Book Image

Hands-On Concurrency with Rust

By : Brian L. Troutwine
Book Image

Hands-On Concurrency with Rust

By: Brian L. Troutwine

Overview of this book

Most programming languages can really complicate things, especially with regard to unsafe memory access. The burden on you, the programmer, lies across two domains: understanding the modern machine and your language's pain-points. This book will teach you to how to manage program performance on modern machines and build fast, memory-safe, and concurrent software in Rust. It starts with the fundamentals of Rust and discusses machine architecture concepts. You will be taken through ways to measure and improve the performance of Rust code systematically and how to write collections with confidence. You will learn about the Sync and Send traits applied to threads, and coordinate thread execution with locks, atomic primitives, data-parallelism, and more. The book will show you how to efficiently embed Rust in C++ code and explore the functionalities of various crates for multithreaded applications. It explores implementations in depth. You will know how a mutex works and build several yourself. You will master radically different approaches that exist in the ecosystem for structuring and managing high-scale systems. By the end of the book, you will feel comfortable with designing safe, consistent, parallel, and high-performance applications in Rust.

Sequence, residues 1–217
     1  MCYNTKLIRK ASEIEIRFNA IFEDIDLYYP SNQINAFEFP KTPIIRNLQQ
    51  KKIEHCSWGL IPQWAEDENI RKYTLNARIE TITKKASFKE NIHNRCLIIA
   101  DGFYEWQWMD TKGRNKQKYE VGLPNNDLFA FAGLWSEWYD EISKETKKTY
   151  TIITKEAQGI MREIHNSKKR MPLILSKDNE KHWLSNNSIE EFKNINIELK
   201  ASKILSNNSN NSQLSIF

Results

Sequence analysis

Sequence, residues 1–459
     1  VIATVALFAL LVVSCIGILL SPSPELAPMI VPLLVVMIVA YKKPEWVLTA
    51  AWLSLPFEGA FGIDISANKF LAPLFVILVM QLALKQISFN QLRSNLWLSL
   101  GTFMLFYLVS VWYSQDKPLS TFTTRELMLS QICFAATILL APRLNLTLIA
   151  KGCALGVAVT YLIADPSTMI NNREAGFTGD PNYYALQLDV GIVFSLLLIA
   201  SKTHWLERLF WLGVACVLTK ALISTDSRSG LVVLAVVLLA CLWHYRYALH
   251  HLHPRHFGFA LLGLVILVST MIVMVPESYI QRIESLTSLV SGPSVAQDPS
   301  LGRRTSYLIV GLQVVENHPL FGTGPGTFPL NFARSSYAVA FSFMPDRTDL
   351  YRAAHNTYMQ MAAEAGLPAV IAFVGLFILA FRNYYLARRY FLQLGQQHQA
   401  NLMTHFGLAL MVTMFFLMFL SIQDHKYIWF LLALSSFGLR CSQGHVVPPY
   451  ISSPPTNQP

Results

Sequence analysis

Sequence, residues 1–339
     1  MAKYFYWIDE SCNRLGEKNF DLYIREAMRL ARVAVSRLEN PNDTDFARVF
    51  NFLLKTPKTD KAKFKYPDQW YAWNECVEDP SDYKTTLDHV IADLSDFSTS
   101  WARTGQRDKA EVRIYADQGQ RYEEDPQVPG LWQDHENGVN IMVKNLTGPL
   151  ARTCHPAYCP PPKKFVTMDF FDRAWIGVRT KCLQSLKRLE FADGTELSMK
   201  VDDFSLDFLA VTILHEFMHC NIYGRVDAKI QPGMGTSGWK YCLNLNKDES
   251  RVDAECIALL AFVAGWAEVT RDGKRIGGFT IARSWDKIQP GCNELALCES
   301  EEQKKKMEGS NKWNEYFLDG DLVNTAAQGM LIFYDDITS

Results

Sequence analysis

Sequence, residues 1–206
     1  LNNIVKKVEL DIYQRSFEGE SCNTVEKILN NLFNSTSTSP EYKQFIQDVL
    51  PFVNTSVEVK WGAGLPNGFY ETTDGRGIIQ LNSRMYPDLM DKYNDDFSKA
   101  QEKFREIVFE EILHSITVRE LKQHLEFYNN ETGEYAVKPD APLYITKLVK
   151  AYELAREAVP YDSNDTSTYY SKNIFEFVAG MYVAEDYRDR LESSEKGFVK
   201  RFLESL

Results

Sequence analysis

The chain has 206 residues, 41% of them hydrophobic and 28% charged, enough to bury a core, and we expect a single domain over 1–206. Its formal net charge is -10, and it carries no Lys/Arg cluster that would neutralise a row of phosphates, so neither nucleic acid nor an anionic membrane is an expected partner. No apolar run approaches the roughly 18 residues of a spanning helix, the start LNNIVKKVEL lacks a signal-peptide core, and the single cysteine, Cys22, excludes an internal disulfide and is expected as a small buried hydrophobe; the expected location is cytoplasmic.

Table of Contents (18 chapters)
Title Page
Copyright and Credits
Packt Upsell

Further reading

  • Axioms for Concurrent Objects, Maurice Herlihy and Jeannette Wing. This paper by Herlihy and Wing introduced the formal definition of linearizability and the formal analysis framework. Subsequent work has expanded or simplified on this paper, but the reader is warmly encouraged to digest the first half of the paper, at least.
  • Distributed Algorithms, Nancy Lynch. To my knowledge, Lynch's work was the first general overview of distributed algorithms in textbook form. It is incredibly accessible and Chapter 13 of Lynch's book is especially relevant to this discussion.
  • In C++, are acquire-release memory order semantics transitive?, available at The consequences of memory orderings are not always clear. This question on StackExchange, which influenced the writing of this chapter, is about the consequence of splitting Acquire and Release across threads. The...